One last jab: "The great sale closed without a single incident save a strike for higher wages by the criers, who declined to accept the 10f. per diem offered by the domanial administration and propose the airing of their grievances in the newspapers."
Glitterati at Denver Art Museum
On New Year's Eve, your editor took in several exhibits at the Denver Art Museum, and all, coincidentally, are the product of, or the subject of, the indigenous peoples of Turtle Island, now known as North America. While one in particular will be of interest to colored gemstone lovers, I'll briefly mention each exhibit, moving backwards in time beginning with the present—well, sort of.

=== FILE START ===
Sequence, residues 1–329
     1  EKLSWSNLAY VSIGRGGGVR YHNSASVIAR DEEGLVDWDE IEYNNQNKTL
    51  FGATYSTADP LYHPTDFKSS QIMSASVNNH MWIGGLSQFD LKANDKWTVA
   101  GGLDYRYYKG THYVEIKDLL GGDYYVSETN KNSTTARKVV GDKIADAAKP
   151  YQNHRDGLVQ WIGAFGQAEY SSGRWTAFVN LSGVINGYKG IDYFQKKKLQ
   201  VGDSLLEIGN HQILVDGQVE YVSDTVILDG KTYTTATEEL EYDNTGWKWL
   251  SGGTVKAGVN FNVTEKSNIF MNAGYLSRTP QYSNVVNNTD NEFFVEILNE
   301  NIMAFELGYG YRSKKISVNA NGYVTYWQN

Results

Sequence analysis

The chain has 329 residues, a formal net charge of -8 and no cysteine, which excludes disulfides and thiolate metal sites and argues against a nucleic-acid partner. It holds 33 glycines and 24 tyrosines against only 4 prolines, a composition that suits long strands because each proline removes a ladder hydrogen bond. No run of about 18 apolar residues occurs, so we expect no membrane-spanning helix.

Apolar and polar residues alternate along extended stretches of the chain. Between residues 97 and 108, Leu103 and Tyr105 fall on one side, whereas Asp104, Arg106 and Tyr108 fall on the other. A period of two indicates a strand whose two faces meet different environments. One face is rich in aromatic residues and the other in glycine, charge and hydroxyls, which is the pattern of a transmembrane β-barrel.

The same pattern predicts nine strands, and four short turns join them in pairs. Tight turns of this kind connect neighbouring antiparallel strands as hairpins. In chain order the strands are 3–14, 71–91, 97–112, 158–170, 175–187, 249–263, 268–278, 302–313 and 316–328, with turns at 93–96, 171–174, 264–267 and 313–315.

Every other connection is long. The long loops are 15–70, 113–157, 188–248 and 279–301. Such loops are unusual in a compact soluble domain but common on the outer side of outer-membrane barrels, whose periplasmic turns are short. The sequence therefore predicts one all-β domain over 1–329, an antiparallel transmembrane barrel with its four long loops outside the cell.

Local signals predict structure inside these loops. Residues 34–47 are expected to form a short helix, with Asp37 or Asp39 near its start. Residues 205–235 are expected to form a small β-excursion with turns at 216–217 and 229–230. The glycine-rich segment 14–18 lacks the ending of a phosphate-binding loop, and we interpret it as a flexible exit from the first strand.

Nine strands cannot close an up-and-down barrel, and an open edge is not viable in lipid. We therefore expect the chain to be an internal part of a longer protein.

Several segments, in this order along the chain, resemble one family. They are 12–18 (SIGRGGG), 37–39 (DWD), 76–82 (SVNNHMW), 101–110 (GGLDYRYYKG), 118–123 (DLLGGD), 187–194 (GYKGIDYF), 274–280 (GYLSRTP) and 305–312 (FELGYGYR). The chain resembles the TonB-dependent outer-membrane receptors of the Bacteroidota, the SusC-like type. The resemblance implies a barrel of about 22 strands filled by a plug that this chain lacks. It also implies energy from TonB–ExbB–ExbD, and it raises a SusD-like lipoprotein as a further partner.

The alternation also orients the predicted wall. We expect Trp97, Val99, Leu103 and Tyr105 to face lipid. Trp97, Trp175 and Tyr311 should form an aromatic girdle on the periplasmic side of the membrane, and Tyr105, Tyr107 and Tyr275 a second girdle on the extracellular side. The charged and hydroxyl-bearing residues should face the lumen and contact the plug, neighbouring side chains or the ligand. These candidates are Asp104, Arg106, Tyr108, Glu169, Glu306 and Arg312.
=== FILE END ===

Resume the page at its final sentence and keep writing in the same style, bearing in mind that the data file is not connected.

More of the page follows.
¶Virgil Ortiz, through his series Revolt 1680/2180, takes us to what he calls the "first American Revolution" of 1680, when nineteen Native American pueblos rebelled against Spanish occupiers. Ortiz is from the Cochiti Pueblo in northwest New Mexico and was taught the pueblo's pottery technique by his mother, but his imagery spans centuries, being instantly recognizable as both traditional and, in the end, of the twenty-second century. He already has ventured into fashion design (pottery shoulder bag, anyone?); we hope jewelry will be next. ¶The six works by native artists, Strong Statements, is just that: polemical messages delivered through the medium of fine art. ¶Mexican painter Gunther Gerzso (1915–2000) had less than a dozen pieces in his cameo exhibition, which ended Jan. 3. His oils on masonite are small but exquisite, with catalog reproductions doing them no service. His "Southern Queen," the most evocative of the group, recalls Meso-American pyramids, birch bark wigwams, cliff dwellings and, well, pueblos. Gerzso called these paintings "landscapes of the spirit," and my own was uplifted as I looked. ¶As a teenager I was introduced to the Indian series of painter/printmaker Fritz Scholder (1937–2005) by the Apr/May 1971 edition of the United Methodist Church journal, motive, which was sandbagged the next year for its radical brand of Christianity. The DAM exhibit Super Indian presents its own radical selections from that series (1967–1980) in all their iconoclastic glory: a big, black Buffalo Dancer with a pink ice cream cone; an Indian decked out in cowboy shirt, concho-banded cowboy hat, turquoise bracelet, but also with (gasp) a can of Coors beer; the defiance and rippling abs of "Indian Power." It's a little of Andy Warhol (who did his own series six years later), a lot of Francis Bacon (the smeared stares), punctuated by Scholder's gripping grins. ¶German-American artists Walter Ufer and E. Martin Hennings met in Chicago and studied in Munich before being lured by a benefactor to Taos in 1914 and 1917 respectively, where their subjects were the people and panorama of the Pueblo. According to the promo for their show, A Place in the Sun, Ufer was a loudmouth, and his work is somewhat expressionistic; Hennings was quiet, his work being painstakingly detailed, yet painterly. ¶Which brings us to Glitterati: Portraits & Jewelry from Colonial Latin America, taking us back where we began.